A great article in the Guardian and a worthwhile read on the corporate tax avoidance in Australia. We particularly like the following snippets…
“When global companies seemingly as respected and large as these operate in this cavalier way, it compromises the integrity of the social contract and green lights others to follow in their tax avoiding footsteps”.
“A progressive tax system for corporates and individuals is central to the capacity of nations to fund their own growth. It is one of a number of structural reforms required to lift living standards across the developed and developing world. Rampant tax evasion torpedoes this central platform of inclusive growth and is now a structural cause of growing global inequality.”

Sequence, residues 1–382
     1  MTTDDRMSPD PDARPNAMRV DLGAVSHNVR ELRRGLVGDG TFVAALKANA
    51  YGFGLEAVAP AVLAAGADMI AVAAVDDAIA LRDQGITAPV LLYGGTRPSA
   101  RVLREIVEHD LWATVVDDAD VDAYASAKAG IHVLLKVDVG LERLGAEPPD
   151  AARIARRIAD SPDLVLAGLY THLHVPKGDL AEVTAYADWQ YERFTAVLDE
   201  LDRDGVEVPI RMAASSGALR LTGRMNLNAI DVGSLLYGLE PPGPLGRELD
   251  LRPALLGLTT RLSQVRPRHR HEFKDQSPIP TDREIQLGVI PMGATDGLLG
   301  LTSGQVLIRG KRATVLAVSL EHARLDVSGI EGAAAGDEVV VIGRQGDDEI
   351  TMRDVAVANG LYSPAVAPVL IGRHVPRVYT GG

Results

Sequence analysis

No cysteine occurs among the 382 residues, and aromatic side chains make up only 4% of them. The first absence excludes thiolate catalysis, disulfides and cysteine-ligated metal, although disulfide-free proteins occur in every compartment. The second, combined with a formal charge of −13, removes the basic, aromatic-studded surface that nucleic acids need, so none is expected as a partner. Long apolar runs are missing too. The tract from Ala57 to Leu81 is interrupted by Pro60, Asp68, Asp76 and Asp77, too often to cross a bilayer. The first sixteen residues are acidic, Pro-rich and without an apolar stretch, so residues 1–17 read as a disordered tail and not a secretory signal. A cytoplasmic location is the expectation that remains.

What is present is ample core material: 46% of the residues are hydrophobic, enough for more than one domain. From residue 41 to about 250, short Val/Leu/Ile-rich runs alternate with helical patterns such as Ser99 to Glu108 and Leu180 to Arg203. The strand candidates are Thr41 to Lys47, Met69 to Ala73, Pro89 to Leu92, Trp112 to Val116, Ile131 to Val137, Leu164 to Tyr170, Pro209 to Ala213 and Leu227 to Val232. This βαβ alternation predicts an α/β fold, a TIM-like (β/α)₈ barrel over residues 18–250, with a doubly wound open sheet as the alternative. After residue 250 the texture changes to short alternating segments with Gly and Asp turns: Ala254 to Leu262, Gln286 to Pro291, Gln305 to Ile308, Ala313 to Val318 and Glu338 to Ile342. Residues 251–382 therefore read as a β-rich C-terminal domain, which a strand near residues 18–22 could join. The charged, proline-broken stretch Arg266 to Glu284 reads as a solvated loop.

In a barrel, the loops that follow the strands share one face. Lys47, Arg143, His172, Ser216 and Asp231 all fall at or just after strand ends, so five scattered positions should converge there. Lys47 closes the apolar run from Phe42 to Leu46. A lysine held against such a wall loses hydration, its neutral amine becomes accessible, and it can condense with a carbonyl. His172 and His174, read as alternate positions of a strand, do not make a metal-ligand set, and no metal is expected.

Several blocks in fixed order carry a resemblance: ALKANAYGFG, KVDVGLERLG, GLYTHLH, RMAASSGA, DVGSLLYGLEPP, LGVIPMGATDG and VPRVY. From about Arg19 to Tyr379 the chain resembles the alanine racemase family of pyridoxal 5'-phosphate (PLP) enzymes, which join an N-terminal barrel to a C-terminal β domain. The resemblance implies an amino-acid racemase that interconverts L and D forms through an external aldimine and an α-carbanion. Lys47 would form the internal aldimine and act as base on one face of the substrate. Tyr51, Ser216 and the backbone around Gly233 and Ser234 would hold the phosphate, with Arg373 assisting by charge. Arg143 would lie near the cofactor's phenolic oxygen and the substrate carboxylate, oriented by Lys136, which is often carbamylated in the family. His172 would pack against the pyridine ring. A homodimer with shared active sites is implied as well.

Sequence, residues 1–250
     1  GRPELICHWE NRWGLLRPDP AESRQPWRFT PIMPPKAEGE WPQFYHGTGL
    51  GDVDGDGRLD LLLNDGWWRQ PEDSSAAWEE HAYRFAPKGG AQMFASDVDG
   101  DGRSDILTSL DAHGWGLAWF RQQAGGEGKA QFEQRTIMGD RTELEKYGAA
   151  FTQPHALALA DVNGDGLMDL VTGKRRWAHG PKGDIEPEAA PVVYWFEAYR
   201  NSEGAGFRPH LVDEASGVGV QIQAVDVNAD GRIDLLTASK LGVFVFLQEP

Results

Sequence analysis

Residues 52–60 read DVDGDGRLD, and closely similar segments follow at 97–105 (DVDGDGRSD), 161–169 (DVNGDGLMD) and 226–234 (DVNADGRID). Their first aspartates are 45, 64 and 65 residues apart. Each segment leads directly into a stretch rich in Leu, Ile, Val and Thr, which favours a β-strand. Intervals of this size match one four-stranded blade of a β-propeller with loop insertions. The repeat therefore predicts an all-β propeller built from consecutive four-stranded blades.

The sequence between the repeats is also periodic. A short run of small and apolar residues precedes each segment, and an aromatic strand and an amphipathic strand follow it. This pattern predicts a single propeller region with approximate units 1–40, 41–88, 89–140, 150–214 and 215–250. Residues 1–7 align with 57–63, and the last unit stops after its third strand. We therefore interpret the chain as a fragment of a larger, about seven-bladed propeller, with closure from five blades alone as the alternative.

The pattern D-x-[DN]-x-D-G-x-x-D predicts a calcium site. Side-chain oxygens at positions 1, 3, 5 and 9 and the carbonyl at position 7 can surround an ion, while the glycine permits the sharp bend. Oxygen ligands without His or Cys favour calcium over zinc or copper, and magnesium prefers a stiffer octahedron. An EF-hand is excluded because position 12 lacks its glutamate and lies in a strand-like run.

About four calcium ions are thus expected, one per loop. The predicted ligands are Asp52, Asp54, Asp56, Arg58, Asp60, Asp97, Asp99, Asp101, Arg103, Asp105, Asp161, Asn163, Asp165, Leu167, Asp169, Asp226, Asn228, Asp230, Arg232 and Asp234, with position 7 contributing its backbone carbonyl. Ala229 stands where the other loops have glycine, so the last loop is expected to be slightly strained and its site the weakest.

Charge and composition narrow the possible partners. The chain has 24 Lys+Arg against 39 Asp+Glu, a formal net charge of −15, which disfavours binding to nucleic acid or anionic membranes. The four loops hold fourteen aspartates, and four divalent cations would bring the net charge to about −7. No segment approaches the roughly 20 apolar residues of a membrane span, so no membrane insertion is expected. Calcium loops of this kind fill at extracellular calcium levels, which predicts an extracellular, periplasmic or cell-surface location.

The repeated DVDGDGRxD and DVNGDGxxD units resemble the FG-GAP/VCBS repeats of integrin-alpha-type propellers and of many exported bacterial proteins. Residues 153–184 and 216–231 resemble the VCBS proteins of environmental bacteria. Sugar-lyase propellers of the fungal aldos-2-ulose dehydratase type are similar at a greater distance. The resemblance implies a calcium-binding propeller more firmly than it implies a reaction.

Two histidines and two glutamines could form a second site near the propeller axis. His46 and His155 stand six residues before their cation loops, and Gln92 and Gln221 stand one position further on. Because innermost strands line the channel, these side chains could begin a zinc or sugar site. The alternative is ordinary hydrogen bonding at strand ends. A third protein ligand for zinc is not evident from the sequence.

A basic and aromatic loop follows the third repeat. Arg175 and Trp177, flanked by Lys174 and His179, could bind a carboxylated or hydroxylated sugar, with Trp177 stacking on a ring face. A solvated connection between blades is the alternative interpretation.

“The billions of dollars extracted are forever lost to health or education or infrastructure investment that improves the lives of people across the community, but is also vital for productivity growth and so ultimately supports the bottom line for businesses”.
“The corporate veil should not hide the moral responsibility of those who run them and the decisions taken in their name.”
“The implementation of a progressive tax system means challenging power elites. There is deep institutional resistance to more inclusive forms of growth over and above acceptable levels of poverty”
Some other interesting tax nuggets from the article include:
- 55% of all the foreign profits of US firms are now kept in tax havens … its cost is enormous – $130 billion a year for US firms alone.
- The London G20 summit in 2009 launched an assault on tax havens, declaring “the end of banking secrecy”. Since that time the amount of money held in tax havens has actually increased by 25%.
- The IMF has estimated that developing countries lose three times as much revenue as OECD countries. If they can’t get progressive tax systems in place, their capacity to fund affordable health and education is minimal.